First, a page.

So, I can see that in a rare case where the pool owner keeps the FC low or non-existent for sensitivity or medical reasons, that phosphate remover may in this case greatly decrease the chances of an algae outbreak.

    But thats about it.
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    Re: Phosphates.....are they worth removing??

    Proper CYA/FC levels are the answer but people tend to get Lazy . My question, not that I will use it but what is the cheaper insurance policy phosphate control or polyquat60? I think the chlorine eats the poly so probably the phosphate stuff?
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    Re: Phosphates.....are they worth removing??

    Lee,

    Great thread. Here are my thoughts and responses.

    There are two general classes of situation where phosphate removers (PR's from this point forward) could potentially be beneficial -

    Recurrent Algae Blooms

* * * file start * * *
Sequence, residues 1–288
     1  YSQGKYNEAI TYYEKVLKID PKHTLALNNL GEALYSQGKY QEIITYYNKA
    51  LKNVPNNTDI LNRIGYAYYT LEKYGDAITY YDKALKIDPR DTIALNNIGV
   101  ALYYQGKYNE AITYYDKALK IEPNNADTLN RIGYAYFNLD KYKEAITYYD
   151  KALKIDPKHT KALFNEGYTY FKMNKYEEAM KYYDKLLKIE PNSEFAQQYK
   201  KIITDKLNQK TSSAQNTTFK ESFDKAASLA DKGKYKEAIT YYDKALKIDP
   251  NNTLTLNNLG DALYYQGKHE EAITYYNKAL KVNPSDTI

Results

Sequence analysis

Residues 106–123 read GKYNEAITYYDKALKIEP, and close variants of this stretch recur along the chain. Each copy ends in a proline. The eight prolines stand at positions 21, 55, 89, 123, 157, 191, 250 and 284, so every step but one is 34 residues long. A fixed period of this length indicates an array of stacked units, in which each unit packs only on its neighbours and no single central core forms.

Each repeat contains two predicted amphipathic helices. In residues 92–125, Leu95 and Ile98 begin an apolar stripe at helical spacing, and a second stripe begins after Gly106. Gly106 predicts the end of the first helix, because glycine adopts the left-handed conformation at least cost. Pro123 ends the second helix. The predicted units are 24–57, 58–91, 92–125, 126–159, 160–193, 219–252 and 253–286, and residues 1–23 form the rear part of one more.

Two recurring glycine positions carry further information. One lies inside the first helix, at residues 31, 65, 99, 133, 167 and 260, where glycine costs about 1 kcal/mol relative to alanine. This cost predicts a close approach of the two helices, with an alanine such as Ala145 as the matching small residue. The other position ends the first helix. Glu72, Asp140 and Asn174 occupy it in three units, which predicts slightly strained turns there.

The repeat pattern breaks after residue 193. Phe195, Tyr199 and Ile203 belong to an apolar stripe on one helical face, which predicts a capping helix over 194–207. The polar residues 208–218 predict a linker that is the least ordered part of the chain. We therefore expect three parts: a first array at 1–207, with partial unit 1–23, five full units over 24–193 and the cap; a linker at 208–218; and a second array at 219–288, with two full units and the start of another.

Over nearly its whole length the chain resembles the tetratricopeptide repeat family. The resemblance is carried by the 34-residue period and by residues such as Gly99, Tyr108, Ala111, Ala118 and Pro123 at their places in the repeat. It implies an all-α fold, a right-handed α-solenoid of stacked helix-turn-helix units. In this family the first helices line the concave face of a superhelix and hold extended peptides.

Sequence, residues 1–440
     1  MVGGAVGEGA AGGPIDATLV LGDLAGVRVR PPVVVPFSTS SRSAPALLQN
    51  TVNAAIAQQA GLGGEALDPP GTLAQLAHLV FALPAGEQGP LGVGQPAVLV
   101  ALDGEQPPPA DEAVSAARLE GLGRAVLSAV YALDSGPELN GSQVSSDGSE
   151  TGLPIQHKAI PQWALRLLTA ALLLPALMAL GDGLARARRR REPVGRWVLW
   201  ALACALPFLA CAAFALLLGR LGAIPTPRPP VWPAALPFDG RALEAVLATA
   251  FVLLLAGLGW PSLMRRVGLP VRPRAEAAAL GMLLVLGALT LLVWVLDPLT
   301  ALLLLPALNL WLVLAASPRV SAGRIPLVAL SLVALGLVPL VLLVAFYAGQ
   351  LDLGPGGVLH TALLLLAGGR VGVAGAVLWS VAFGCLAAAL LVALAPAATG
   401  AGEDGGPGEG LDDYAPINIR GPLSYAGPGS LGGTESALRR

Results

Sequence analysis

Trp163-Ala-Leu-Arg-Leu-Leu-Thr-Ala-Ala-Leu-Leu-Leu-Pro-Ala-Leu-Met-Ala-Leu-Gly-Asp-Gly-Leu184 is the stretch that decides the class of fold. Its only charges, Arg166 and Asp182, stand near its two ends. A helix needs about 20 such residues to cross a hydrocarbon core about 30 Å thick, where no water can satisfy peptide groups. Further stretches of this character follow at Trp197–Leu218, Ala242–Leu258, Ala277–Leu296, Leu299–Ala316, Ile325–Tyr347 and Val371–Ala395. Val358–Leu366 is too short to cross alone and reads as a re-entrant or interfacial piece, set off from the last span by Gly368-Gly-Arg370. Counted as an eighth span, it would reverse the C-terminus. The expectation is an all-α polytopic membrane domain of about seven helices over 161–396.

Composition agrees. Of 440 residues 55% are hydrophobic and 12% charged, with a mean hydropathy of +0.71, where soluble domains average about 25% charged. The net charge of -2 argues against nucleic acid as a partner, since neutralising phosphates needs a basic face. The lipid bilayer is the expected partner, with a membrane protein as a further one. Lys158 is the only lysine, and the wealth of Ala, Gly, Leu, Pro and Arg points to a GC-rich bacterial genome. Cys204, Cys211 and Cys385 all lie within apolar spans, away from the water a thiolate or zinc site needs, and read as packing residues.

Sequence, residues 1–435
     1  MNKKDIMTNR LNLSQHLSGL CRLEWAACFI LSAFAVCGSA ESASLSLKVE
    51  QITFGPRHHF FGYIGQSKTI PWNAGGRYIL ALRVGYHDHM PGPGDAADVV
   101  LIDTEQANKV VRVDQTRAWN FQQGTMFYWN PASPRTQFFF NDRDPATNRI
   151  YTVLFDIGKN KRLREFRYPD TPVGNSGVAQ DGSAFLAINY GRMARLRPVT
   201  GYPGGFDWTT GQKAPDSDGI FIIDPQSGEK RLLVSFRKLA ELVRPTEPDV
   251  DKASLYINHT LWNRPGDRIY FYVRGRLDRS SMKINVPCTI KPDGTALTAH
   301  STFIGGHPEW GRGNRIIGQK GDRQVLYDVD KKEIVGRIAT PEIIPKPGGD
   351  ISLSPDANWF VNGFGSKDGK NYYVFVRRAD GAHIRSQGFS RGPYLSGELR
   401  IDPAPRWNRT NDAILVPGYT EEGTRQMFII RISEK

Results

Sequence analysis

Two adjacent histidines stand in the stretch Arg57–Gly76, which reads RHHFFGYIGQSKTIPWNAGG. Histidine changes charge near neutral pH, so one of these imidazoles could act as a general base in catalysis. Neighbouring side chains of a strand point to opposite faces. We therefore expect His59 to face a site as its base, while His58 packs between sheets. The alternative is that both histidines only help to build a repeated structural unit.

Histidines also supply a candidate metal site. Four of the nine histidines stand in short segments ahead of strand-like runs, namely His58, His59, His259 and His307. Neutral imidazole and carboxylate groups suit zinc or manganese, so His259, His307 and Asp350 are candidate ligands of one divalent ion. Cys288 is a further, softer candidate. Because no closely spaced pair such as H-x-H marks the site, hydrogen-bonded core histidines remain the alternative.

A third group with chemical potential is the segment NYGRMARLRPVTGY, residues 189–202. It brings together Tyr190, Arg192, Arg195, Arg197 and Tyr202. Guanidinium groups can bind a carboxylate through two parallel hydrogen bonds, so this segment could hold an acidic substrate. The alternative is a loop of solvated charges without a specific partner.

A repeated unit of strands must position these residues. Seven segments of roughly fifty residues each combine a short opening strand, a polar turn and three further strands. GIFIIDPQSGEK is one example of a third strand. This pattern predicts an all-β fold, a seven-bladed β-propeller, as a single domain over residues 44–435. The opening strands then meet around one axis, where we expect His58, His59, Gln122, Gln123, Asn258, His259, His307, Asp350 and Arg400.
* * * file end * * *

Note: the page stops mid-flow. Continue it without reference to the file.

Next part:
There are reports of pool owners who, try as they might, continually fight with algae. They perform a SLAM correctly, pass all three exit criteria and still get algae coming to visit throughout the season. For most of us on TFP, we have to maybe SLAM our pools once and then have gone years without ever seeing algae (I believe chiefwej is the winner of the SLAM longevity contest at 10 years without algae). But there are people for whom the battle with algae is a constant one. In some of these cases, you have to look at extenuating circumstances. It's also helpful to remember that the FC/CYA ratio is NOT a rigorously derived value that is absolute in nature, it's more akin to a statistical value based on a wide sampling of pools. While the 7.5% rule seems to work for most pools, not all pools are covered by it. In those cases where 7.5% does not work to keep algae under control, TFP often recommends going to a higher ratio to keep algae under control (for example, 10%). The problem is, a higher ratio necessarily means a greater chlorine loss rate and more chlorine consumption. In pools with water that is very reactive to algae, determining what role phosphates play can be beneficial. If those types of pools also happen to have high phosphate levels, lowering phosphates, and seeing what impact that has on these "reactive" pools, is a quick and easy experiment to do. If it turns out that lowering the phosphate levels to below 100ppb helps, then that is a net benefit to the pool owner because not only do they get a cleaner pool but also a pool that uses less chlorine. In effect, they save money.